Zig’s family story is one that isn’t as uncommon as people assume it to be. A hard-working mom, trying to make ends meet and earn an education just doesn’t make enough to pay the rent and the bills. My heart absolutely broke for Zig as he traverses life without a constant – not a pencil sharpener to get his homework done, a quiet place to think, a private place to put his things or even enough to eat some days. If you enjoyed Crenshaw by Katherine Applegate, you’ll surely fall in love with Zig and be rooting for him the whole time. I think this would make a great book discussion with middle grade students about understanding that you really have no idea what is going on in someone else’s life even if everything looks okay from the outside.

Twitter Booktalk (140 characters or less): In The Exact Location of Home, Zig’s searching hard to find his own meaning of home in a quest for hope in a hopeless place @KateMessner

Title: The Exact Location of Home
Author: Kate Messner
Publisher: Bloomsbury
Publication Date: October 3, 2017
Page Number: 256 pgs.

Book Review: Love, Ish

24 May

30753996Karen Rivers, author of The Girl In the Well Is Me brings to life Mischa “Ish” Love a girl who believes in her heart that she will be one of the first inhabitants of Mars. She lives and breathes outer space – what she’ll wear, what she’ll eat, what she’ll miss on Earth, what she won’t miss on Earth and all the planning she does to be ready for when the day arrives.

But as a middle school student, Ish’s plans make her out to be weird and now that her best friend Tig moved away, she’s all by herself. Ish’s first day of seventh grade doesn’t go as planned when she collapses on the playground after lunch and her diagnosis threatens the only dream she has ever had.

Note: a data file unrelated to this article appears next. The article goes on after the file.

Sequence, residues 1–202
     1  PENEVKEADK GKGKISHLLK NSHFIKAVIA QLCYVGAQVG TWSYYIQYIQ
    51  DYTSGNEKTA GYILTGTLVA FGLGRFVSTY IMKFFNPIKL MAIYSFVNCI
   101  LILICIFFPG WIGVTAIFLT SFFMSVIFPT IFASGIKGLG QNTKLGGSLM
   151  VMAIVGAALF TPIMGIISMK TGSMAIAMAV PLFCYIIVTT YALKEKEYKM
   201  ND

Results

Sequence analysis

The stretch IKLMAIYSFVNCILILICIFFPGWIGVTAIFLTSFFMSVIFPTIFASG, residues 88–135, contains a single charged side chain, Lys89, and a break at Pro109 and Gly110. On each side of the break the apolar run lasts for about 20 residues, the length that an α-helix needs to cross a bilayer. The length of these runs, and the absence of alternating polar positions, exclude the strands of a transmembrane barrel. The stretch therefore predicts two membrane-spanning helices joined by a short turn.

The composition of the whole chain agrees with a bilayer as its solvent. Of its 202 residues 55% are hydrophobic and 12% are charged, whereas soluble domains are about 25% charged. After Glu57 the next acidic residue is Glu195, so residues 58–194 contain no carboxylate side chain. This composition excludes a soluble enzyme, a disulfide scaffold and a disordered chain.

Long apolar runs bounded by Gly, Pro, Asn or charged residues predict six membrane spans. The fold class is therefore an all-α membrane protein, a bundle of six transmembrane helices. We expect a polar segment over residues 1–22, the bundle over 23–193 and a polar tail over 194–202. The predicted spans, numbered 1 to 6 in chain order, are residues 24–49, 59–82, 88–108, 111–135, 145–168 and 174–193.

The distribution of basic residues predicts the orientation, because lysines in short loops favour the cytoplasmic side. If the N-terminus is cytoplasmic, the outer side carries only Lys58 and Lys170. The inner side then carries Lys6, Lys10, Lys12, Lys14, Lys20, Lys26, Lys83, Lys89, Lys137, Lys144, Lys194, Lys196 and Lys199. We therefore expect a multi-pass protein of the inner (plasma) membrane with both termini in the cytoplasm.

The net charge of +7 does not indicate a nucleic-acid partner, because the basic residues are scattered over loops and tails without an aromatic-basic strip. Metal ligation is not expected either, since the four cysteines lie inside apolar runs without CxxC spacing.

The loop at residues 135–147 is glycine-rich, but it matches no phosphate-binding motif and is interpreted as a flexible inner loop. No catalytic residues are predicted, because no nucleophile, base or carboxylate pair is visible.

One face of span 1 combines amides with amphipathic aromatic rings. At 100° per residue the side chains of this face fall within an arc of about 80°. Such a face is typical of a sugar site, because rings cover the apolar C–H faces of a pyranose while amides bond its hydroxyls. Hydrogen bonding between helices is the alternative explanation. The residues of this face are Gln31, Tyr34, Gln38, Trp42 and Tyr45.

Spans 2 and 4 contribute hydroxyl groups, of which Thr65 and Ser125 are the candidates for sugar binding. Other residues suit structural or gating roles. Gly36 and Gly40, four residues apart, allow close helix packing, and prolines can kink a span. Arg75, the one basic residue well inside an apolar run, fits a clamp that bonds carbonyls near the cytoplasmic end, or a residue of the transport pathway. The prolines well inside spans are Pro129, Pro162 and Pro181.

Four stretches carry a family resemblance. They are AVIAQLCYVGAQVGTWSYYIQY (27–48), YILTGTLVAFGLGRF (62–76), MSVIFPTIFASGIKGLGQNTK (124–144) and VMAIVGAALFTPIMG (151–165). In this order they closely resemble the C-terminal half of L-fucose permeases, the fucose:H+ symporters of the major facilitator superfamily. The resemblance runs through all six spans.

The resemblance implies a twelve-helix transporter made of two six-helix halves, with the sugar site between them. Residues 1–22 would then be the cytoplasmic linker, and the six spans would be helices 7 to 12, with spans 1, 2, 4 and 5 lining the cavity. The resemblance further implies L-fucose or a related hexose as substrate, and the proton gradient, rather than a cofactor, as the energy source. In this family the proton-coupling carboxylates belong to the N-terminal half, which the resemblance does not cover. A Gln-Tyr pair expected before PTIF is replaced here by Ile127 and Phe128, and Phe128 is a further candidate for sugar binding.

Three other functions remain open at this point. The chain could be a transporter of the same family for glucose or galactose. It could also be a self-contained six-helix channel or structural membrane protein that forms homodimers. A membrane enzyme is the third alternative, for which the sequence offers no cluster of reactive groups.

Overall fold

I liked Ish as a character because she’s a very believable middle school kid – worried about sister issues, quirky and different and believes in a future regardless of how unattainable it might be. I felt that there was a little too much happening in the background of the story that detracted a little from the focus – her best friend moved away, Ish’s parents reveal something that rocks Ish and her sister to the core and a new kid makes fun of her in the few short hours that she attends school. All of these parts put together bring something to the story, but I felt a little bogged down with all of these “problems” when there was much bigger problem with a capital “P” that Ish and her family were dealing with.

Overall, I enjoyed the story and as the back of the cover states if you’re a fan of Fish In a Tree  and The Thing About Jellyfish, you’ll definitely want to pick this one up!

Twitter Booktalk (140 characters or less): 7th grader, Ish solely wants to be an inhabitant on Mars, but a diagnosis proves Mars is much further than the 139,808,518 miles she thought

Title: Love, Ish
Author: Karen Rivers
Publisher: Algonquin Young Readers
Publication Date: 2017
Page Number: 284 pgs.

It’s Monday! What Are You Reading? 3/27/17

27 Mar